Additionally, despite its typically negative associations, espionage, or covert intelligence, serves significant roles, including the maintenance of international stability and preemptive resolution of potential conflicts. It should not be assumed that extraterrestrial intelligence, if engaged in covert surveillance, harbours hostile intentions. As with human intelligence practices, such activity could be oriented towards various ends, that could be negative, neutral or positive.


Falsifiability and Testability

The ICI hypothesis, while posing challenges for conventional scientific methods, is rooted in the principles of falsifiability and testability.

The concept of ETIs so advanced they are undetectable contributes minimally to scientific discourse due to its unfalsifiability. Instead, the ICI hypothesis posits the existence of detectable ETIs justified by several key observations.

First, modern intelligence agencies, despite their technological prowess, are not immune to mistakes – a trend that has remained constant throughout history (12). This suggests that covert intelligence may inherently be prone to errors, irrespective of technological advancements.

Moreover, in a universe abundant with life, we might reasonably expect to find diverse ETI groups, all potentially engaging in covert activities on Earth, in pursuit of preserving informational asymmetries and enhancing holistic intelligence knowledge. This implies a spectrum of ETI sophistication and, consequently, an increased probability of detectability.

Therefore, the ICI hypothesis posits that ETIs, operating under similar constraints as observed in terrestrial intelligence, should be detectable using current technology, especially when errors or technological failures occur, provided a suitable investigative framework is adopted. If comprehensive investigation under this framework yields no evidence, the hypothesis can be considered likely to be falsified. 

To be clear, we propose that supported by above logic, evidence of ICI should be detectable using at least some current technology (e.g. potentially the naked eye, radar, video, satellite imagery, etc.). We do not claim that it will necessarily be identifiable as ICI. As we discuss in the following section, even if genuine evidence of ICI is detected, correctly identifying it as ICI may hold specific challenges for the scientific method. For example, when dealing with a strategic adversary, it is possible and perhaps likely that any detected evidence may have been intentionally manipulated to facilitate its dismissal, such as making it appear unscientific or absurd. 

The ICI hypothesis can also face falsification from another perspective. A central assumption of ICI is the prevalence of intelligent life in the cosmos, which is influenced by unknown variables in the Drake equation. If these variables indicate that sophisticated life capable of interstellar expansion is exceedingly rare, as suggested by theories like the rare earth hypothesis or the great filter, this would challenge the validity of the ICI hypothesis.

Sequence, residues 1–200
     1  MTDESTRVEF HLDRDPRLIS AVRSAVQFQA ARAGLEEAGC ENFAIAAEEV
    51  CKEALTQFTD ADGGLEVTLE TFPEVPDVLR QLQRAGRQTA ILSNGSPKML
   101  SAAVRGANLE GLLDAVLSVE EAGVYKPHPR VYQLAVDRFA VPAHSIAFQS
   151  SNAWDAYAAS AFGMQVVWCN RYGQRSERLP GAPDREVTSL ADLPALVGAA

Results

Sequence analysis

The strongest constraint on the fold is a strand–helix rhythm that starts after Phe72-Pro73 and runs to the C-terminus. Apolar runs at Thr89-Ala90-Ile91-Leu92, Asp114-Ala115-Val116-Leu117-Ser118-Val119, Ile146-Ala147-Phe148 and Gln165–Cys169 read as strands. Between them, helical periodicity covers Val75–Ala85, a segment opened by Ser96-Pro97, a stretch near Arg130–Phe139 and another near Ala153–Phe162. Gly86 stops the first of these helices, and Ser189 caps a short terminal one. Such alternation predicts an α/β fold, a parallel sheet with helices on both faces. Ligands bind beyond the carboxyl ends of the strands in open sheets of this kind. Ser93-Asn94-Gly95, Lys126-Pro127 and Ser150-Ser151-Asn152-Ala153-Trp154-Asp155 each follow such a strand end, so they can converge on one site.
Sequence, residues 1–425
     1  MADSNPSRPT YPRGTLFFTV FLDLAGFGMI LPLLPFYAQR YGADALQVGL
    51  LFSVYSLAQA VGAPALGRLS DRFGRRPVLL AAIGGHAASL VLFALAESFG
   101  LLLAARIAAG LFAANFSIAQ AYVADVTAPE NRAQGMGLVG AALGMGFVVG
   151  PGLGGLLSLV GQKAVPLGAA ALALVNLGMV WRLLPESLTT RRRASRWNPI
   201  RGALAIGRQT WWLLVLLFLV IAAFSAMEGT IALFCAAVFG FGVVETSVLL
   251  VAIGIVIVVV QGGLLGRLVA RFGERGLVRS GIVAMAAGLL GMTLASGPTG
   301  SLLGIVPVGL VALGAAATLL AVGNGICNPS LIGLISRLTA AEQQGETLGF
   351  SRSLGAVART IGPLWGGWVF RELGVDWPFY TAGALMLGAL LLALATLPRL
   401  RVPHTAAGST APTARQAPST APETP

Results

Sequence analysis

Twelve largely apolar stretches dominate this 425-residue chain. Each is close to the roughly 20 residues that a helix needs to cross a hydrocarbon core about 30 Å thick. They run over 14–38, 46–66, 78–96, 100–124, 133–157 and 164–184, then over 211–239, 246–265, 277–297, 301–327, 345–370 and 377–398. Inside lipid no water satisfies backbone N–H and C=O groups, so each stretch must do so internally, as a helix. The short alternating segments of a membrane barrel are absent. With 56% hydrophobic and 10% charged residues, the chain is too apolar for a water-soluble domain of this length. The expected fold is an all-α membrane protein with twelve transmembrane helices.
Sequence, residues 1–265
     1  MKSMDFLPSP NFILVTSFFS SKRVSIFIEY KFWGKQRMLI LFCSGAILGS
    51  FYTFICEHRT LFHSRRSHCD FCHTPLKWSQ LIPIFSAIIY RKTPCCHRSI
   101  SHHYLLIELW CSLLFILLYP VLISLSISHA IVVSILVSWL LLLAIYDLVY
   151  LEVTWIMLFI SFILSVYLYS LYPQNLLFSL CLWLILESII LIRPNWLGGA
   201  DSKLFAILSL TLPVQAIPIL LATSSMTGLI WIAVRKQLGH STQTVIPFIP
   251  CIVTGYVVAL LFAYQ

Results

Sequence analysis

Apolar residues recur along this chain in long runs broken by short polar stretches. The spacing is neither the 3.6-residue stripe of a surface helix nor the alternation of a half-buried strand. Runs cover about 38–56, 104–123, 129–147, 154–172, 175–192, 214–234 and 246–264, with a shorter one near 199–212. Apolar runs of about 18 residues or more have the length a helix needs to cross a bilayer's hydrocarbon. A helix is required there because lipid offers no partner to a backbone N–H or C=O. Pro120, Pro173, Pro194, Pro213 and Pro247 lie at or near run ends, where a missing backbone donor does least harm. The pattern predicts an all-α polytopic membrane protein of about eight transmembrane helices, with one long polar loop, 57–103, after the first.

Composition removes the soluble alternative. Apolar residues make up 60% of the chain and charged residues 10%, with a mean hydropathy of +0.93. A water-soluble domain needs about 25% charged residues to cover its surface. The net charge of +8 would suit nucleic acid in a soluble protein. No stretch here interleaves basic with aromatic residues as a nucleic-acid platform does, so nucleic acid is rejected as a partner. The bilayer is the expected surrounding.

By establishing clear criteria for falsifiability and testability, we lay the groundwork for future research to critically assess the validity of the ICI hypothesis. The prospect of falsifying this hypothesis using current technology and investigative methods enhances its scientific legitimacy, reinforcing the relevance of studying interstellar covert intelligence in the context of the Fermi Paradox.


Epistemological Complications with ICI

While there is a possibility that ICI may be detectable, its investigation and detection presents unique challenges for the traditional scientific method.

The hypothesis suggests the presence of a strategic adversary who can comprehend and adapt to the investigative strategies used against them, potentially manipulating evidence. This diverges greatly from typical scientific subjects, which are often natural or physical phenomena that lack the ability and motivation to respond strategically. 

Existing scientific paradigms generally dismiss the concept of a strategic adversary, often terming it as a form of “conspiracy theory”. Such dismissals are, in most cases, eminently appropriate given that the conventional objects of scientific inquiry – ranging from elementary particles and biological organisms to celestial bodies – are highly unlikely to possess both the capability and intention to strategically manipulate investigations into them (15, 21). Therefore, disregarding such possibilities streamlines the scientific process by avoiding unnecessary diversions in most research inquiries.

However, addressing the Fermi Paradox, a unique boundary case interfacing science, politics, and intelligence studies, calls our traditional assumptions into question. The wide-ranging spectrum of potential extraterrestrial intelligence, from non-technological organisms to technologically advanced civilizations, spans domains where the dismissal of a strategic adversary is reasonable (e.g., extraterrestrial microbes) and others where it may not be (e.g., sophisticated extraterrestrial intelligence groups). For instance, consider the scenario in which we embark on an investigation that is likely to uncover highly classified information from an terrestrial intelligence agency. It would be unwise and counterproductive to prematurely dismiss strategic interference as mere ‘conspiracy theory’. In such intelligence investigations, the existence of a strategic adversary is often an underlying assumption, and the investigation methods employed are specifically designed to handle such a situation (16,22).